The second major political party in the KRI, the PUK, was founded in 1975 by Jalal Talabani, a prominent Kurdish nationalist leader, along with other activists in the Kurdish political movement in Iraq. The primary goal of the PUK was to achieve greater political and cultural rights for the Kurdish people in Iraq.
Who are the peshmerga?
The Kurdish peshmerga have proven to be a vital ally in the fight against ISIS in Iraq and Syria, and their contributions have been noticed by the United States and other Western countries.
The Kurdish people have long been a natural ally to the United States and the West, demonstrating their commitment to democracy and human rights. Since the First Gulf War in 1990-1991, Iraqi Kurdish political parties have been a robust ally to the United States, and their relationship has only grown stronger over the years.
During the 2003 Iraq War, the peshmerga worked closely with the U.S. military, providing valuable intelligence and assistance in dislodging Saddam Hussein's regime. They were also instrumental in establishing a stable and democratic government in the Kurdish region of Iraq, which has become one of the most peaceful and prosperous regions in the country.
In the fight against ISIS, the peshmerga were on the front lines, fighting fiercely to defend their homeland. They successfully prevented ISIS from taking over the KRI and even pushed the group out of some of its strongholds, such as the cities of Sinjar and Kirkuk. Finally, they played a key role in providing humanitarian aid to civilians affected by the conflict. They set up refugee camps and provided food, water, and medicine to those displaced by the fighting.
The United States and the West must continue to support their Kurdish allies. The success of the fight against ISIS in Iraq and Syria has depended upon the peshmerga, while Kurdish political parties have proven to be reliable allies.
Unifying the peshmerga
It is important to note that the Regional Guard Brigades (RGBs) are under the command of the Ministry of Peshmerga Affairs and thus elected civilian governance, which is free from external political influence. However, on October 16, 2017, eight out of 14 RGBs split along KDP and PUK lines and have since remained separated.
Attempts to unify the peshmerga under government control have failed since the 1990s, but progress has been made in recent years. The KRG is committed to reviewing the current mechanisms for reorganizing and unifying the peshmerga as well as internal security forces, with the help of local and international experts. They aim to strengthen the KRI’s defense capabilities, counter risks, enhance security, and elevate the professional and military capability of their forces.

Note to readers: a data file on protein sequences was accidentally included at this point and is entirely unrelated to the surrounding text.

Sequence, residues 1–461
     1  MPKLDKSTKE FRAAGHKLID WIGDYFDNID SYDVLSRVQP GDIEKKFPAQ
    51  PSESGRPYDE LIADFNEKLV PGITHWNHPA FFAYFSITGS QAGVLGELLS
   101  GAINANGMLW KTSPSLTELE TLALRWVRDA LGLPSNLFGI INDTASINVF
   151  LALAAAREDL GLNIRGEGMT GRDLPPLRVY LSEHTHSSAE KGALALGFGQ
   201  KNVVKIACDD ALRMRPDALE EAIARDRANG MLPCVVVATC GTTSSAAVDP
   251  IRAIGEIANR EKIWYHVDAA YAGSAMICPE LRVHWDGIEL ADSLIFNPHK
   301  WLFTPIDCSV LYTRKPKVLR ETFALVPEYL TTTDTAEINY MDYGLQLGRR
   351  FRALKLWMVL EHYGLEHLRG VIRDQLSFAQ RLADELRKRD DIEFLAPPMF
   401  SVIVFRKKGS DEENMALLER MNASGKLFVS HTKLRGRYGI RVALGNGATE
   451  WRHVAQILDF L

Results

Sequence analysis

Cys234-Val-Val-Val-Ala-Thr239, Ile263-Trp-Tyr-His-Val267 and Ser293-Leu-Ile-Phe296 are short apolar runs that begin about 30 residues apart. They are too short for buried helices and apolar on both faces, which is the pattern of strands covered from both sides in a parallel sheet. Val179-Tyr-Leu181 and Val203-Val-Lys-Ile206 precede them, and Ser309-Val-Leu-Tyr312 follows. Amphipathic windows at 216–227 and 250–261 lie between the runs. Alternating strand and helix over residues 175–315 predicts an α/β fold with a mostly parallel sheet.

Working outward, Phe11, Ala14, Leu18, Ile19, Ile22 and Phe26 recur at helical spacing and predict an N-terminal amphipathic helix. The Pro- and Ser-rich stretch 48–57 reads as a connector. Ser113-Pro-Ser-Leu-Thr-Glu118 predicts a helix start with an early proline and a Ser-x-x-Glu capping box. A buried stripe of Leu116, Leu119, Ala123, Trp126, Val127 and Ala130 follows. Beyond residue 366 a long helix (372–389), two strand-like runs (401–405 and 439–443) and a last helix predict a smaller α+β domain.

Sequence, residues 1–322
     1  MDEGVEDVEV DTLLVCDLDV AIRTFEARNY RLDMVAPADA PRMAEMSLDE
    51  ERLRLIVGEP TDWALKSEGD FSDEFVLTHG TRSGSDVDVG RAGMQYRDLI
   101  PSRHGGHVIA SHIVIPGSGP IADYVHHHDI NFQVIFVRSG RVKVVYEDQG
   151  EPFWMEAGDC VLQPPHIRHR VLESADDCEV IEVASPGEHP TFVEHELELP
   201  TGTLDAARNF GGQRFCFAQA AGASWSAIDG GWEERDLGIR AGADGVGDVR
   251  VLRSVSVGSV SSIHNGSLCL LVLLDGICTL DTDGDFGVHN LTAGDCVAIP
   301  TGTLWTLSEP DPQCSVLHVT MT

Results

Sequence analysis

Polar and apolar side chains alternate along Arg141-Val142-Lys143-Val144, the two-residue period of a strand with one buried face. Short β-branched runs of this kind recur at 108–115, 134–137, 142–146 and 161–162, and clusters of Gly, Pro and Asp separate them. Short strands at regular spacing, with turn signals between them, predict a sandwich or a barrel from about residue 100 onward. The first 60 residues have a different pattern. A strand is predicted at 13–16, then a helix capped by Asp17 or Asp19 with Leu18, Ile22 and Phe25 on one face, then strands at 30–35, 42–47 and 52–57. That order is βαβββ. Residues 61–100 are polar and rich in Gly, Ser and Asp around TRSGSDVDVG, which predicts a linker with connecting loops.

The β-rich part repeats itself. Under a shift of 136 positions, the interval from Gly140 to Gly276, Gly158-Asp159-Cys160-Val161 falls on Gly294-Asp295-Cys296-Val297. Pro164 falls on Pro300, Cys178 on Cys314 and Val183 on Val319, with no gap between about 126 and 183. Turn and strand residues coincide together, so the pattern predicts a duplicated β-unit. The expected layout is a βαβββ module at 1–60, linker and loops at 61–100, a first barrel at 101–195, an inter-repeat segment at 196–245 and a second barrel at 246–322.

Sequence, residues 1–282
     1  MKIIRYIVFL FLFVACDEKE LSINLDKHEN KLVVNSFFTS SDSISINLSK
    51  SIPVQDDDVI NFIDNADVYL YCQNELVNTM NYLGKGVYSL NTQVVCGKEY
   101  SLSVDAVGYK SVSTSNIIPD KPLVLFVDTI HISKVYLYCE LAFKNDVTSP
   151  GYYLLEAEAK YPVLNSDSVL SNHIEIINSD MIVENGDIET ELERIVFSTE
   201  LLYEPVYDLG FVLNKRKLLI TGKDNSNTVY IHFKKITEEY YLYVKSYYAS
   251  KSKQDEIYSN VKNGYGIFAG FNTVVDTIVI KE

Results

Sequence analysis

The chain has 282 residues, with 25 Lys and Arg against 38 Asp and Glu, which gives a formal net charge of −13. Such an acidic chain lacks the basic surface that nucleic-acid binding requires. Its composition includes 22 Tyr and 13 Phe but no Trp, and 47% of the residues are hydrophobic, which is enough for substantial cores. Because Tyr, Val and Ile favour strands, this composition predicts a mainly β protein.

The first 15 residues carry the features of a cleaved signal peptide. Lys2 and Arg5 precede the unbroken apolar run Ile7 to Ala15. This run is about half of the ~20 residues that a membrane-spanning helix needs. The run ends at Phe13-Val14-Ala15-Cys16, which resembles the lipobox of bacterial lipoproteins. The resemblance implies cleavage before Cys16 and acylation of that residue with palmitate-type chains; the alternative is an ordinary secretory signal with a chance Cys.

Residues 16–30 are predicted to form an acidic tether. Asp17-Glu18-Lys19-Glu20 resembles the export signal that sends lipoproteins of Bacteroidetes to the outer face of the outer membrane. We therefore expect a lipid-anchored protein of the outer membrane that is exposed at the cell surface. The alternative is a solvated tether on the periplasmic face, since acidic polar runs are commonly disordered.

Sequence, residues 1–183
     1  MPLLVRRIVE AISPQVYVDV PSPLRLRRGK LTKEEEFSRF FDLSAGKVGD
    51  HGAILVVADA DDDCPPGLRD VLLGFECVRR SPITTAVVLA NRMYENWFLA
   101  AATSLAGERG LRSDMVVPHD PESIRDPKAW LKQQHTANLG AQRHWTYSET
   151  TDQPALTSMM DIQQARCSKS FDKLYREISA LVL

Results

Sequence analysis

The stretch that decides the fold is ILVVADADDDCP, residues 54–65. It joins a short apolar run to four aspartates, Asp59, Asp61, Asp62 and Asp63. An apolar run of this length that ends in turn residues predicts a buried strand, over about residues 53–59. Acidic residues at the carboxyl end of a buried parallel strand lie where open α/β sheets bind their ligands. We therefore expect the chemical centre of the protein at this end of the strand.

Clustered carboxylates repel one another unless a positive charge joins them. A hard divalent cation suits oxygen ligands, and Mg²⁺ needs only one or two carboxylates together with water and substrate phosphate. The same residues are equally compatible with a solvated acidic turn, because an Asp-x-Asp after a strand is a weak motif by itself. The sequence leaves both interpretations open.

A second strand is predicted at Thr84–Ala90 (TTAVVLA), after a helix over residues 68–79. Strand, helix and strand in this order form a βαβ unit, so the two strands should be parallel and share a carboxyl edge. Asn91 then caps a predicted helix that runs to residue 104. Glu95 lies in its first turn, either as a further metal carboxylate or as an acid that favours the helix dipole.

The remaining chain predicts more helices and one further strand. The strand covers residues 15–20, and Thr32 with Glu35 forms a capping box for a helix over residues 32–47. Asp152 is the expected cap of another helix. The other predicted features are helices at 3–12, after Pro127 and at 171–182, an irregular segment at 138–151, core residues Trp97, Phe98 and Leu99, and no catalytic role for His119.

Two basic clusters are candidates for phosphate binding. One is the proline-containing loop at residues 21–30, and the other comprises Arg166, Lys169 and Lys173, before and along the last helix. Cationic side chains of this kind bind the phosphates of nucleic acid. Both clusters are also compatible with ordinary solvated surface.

As someone who has been involved in the Kurdish issue for over 15 years, I have come to greatly respect the Kurdish parties' efforts to learn from their historical mistakes, particularly when it comes to preventing destructive forces from pitting Kurds against each other.
I witnessed the painful civil war of the 1990s and the events in Kirkuk in 2017, and I am relatively knowledgeable about modern Kurdish history. I understand why attempts to establish a Kurdish state failed in Red Kurdistan, the Republic of Ararat, the Republic of Mahabad, and elsewhere.
While the Iraqi army ran from ISIS, the peshmerga bravely fought with old, worn-out AK-47s. The West's reluctance to arm the peshmerga directly, routing aid through Baghdad instead, made it difficult for the KRI to secure weapons during the early years of the war against ISIS.
However, the Peshmerga's heroic efforts did not go unnoticed, and eventually, the coalition realized that investing in them was better than in the Iraqi army. The peshmerga received the needed resources to decisively defeat ISIS.
The peshmerga's greatest strengths lie in their fighting spirit, popular support, reliability, number of fighters, and unique intelligence network.
For the West, reform of the peshmerga aims to establish an accountable, capable, and affordable regional force operating effectively as an element of the Iraqi Security Forces, promoting a more secure and stable KRI. However, for the KRG, the objective in reforming the peshmerga should be seen as a stepping stone toward building an independent Kurdish state.
Security, safety, and stability are essential factors for a sovereign nation-state, as seen in Israel's development. Despite the differences between the KRI’s and Israel's history, Kurdistan's situation today is somewhat analogous to Israel’s in the late 1940s.
Kurdistan has a tribal society and, historically, the peshmerga have been loyal to different tribes, local communities, or political parties. However, they are becoming a unified national army, in line with democratic development in the KRI, which ultimately presents both challenges and opportunities for a future independent Kurdish state.
Regardless of what the future holds, one thing is certain: the increasing importance of Kurds and Kurdistan in the future of the Middle East highlights the KRG’s place in international politics.
Michael Arizanti is a Dutch-born social justice activist and prolific writer with a keen interest in Kurdish affairs and human rights. With his expertise in the Middle East, Michael is a passionate advocate for social justice and has dedicated his life to positively impacting the world.